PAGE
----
The Super Stack 1 assembly is now complete with the mating (stacking) of the forward assembly to the fifth segment simulator. Stack one is made up of eight individual pieces: interstages 1 and 2, the frustum, the forward skirt extension, the forward skirt and the aft, center and forward segments of the fifth segment simulator. It also includes two internal elements, the roll control system and the first stage avionics module.
All five super stack assemblies are now complete in High Bay 4 of the VAB and are ready for stacking on the mobile launcher platform in High Bay 3 later this month.
Just so you know, the reason the rocket is separated into these super stacks has to do with the height and weight of each piece for crane loads during lifting operations.
Super Stack 2: Upper Stage Simulator “Tuna Cans” segment 1
Earlier this month the Ares I-X team conducted a successful frustum separation test. The success of the test showed that the separation charge is fully capable of splitting the joint of the frustum’s aft ring — an important hurdle to clear.
The test simulated the first separation event that will happen about 2 minutes after launch when the propellant in the first stage booster is used up. After the booster burns through all the propellant, the first stage (bottom half of the rocket) splits from the upper stage simulator and crew module/launch abort system simulator (upper part of the rocket). This split happens at a piece of the rocket called the frustum.
The frustum is an upside-down cone-shaped piece that connects the skinnier first stage to the thicker upper stage. The large forward (top) section of the frustum, which connects with the upper stage, is eighteen feet in diameter while the aft (bottom) end is twelve feet in diameter to attach to the booster. During separation, linear shaped charges detonate at the frustum’s aft ring, allowing the first stage to return to Earth where it will be retrieved and refurbished for other Ares missions.
The shock created by the charge was measured by accelerometers and acoustic pressure sensors. Measuring the shock is an important part of the test because if the bang is “too big for the buck,” it could damage some of the avionics or other pieces of hardware. It’s a balancing act between having a bang that is strong enough to separate the metal but not so strong as to damage the working parts of the rocket.
The test took place at ATK’s Promontory facility in Utah. The data from the test will be used to prepare for the Ares I-X flight and will help Ares I engineers make sure the calculations they are currently using are correct.
The Ares I-X team was very excited on Friday when the frustum rolled into the Assembly Refurbishment Facility at Kennedy Space Center, making it the final newly manufactured segment to arrive for this summer’s Ares I-X launch.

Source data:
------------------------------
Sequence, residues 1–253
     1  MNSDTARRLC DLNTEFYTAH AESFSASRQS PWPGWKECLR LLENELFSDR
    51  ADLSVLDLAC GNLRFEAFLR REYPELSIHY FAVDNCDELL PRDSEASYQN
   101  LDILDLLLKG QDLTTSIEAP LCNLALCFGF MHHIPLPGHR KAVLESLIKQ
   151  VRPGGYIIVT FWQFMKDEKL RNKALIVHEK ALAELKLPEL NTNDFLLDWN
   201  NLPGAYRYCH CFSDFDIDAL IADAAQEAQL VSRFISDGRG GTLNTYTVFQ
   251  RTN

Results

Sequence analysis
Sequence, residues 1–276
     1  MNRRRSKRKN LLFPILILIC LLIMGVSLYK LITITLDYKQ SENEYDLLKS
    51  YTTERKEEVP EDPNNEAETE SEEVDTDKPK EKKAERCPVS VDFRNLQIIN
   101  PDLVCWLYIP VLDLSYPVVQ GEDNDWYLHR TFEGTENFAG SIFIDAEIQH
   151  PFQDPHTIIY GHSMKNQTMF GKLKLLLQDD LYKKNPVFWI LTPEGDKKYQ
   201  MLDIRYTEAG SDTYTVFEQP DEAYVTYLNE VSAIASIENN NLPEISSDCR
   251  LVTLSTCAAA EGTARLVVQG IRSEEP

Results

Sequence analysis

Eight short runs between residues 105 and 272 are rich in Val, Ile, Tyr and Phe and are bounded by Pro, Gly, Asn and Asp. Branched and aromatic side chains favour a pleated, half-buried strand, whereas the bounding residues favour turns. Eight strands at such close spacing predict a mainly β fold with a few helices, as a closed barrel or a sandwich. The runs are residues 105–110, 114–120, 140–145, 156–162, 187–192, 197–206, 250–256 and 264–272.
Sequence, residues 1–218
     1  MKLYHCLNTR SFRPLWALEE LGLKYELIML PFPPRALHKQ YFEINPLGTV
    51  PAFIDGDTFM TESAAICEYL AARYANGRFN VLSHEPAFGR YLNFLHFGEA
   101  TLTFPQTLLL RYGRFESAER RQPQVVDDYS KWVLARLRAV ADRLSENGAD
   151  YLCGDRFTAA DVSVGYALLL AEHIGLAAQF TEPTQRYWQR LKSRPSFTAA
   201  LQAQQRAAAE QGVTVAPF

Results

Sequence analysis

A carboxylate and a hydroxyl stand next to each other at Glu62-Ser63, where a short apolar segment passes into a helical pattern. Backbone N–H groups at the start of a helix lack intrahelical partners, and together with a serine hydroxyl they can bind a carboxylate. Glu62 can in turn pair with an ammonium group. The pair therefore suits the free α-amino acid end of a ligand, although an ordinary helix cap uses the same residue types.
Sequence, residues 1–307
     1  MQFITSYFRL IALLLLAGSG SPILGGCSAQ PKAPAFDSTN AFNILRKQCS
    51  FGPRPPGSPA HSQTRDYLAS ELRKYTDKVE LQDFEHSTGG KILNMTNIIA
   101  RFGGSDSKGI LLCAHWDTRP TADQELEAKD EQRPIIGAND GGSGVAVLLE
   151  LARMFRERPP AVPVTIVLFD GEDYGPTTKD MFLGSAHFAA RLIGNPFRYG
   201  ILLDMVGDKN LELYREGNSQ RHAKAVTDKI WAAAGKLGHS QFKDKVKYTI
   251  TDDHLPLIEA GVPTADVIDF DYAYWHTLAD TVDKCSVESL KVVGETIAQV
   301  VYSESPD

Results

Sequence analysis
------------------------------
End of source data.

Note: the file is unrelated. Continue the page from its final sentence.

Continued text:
The frustum is the segment between the Forward Skirt Extension and the upper stage of the Ares IX launch vehicle. As you can see, it looks a lot like a giant funnel. Its main function is to transition the flight loads from the thicker upper stage to the thinner first stage. It weighs in at approximately 13,000 pounds, and is 10 feet long. It’s composed of two machined, aluminum-forged rings that are attached to a conic section. The large diameter of the cone is 18 feet, while the small diameter is 12 feet. The thickness of the cone is only 1 ¼ inches! Kind of amazing.
Now that the frustum is at Kennedy, technicians will begin the final processing and it will be integrated to the forward skirt and forward skirt extension to make the forward assembly. The completed forward assembly will be moved over to the Vehicle Assembly Building for stacking operations scheduled to begin in April.
With the arrival of the frustum, the team now waits for the final rocket components to arrive — the motors. The rocket motors, manufactured by ATK in Utah and shipped via rail to Kennedy, are scheduled to arrive next month.
Yesterday we successfully tested one of the main separation systems of the Ares I-X rocket at the Alliant Techsystems (ATK) facility in Promontory, Utah. The test demonstrated that the forward skirt extension, which houses the main parachutes will be able to separate from the first stage booster as it falls back to Earth after launch.
During the flight test, the first stage booster will separate for the frustum, which is a cone-shaped piece of the rocket that connects the 12-foot-diameter first stage booster to the 18-foot-diameter upper stage. After the frustum separation, at an altitude of about 15,000 feet, the nose cone of the booster will be jettisoned and the pilot parachute will be deployed. The pilot chute will in turn deploy the drogue parachute, which will re-orient the booster to vertical and will slow it down enough that the main parachutes will be about to open. At about 4,000 feet the forward skirt extension separates from the rest of the first stage and pulls out the three main chutes packed inside. The booster splashes down and is recovered and reused.
During the test at ATK, a linear-shaped charge was used to separate the forward skirt extension and create a clean severance. Engineers also measured the shock created by the charge and will use that data to analyze the system and prepare for the Ares I-X flight test as well as the development of the Ares I rocket.